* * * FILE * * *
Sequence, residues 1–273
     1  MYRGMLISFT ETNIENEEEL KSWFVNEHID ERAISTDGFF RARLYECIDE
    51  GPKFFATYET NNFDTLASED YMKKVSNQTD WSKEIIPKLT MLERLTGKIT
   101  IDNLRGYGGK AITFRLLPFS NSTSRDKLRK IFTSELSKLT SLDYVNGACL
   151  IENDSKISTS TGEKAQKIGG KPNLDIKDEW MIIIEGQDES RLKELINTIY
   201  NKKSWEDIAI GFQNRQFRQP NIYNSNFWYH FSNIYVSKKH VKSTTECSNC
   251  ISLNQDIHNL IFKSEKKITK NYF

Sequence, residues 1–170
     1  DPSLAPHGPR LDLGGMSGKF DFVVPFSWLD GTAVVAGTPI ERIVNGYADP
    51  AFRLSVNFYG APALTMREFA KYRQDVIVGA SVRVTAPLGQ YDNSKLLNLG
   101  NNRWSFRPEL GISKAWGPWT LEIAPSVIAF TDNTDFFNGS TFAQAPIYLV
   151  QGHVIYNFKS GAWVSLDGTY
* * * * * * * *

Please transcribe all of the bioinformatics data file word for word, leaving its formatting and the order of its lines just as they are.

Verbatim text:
Sequence, residues 1–273
     1  MYRGMLISFT ETNIENEEEL KSWFVNEHID ERAISTDGFF RARLYECIDE
    51  GPKFFATYET NNFDTLASED YMKKVSNQTD WSKEIIPKLT MLERLTGKIT
   101  IDNLRGYGGK AITFRLLPFS NSTSRDKLRK IFTSELSKLT SLDYVNGACL
   151  IENDSKISTS TGEKAQKIGG KPNLDIKDEW MIIIEGQDES RLKELINTIY
   201  NKKSWEDIAI GFQNRQFRQP NIYNSNFWYH FSNIYVSKKH VKSTTECSNC
   251  ISLNQDIHNL IFKSEKKITK NYF

Sequence, residues 1–170
     1  DPSLAPHGPR LDLGGMSGKF DFVVPFSWLD GTAVVAGTPI ERIVNGYADP
    51  AFRLSVNFYG APALTMREFA KYRQDVIVGA SVRVTAPLGQ YDNSKLLNLG
   101  NNRWSFRPEL GISKAWGPWT LEIAPSVIAF TDNTDFFNGS TFAQAPIYLV
   151  QGHVIYNFKS GAWVSLDGTY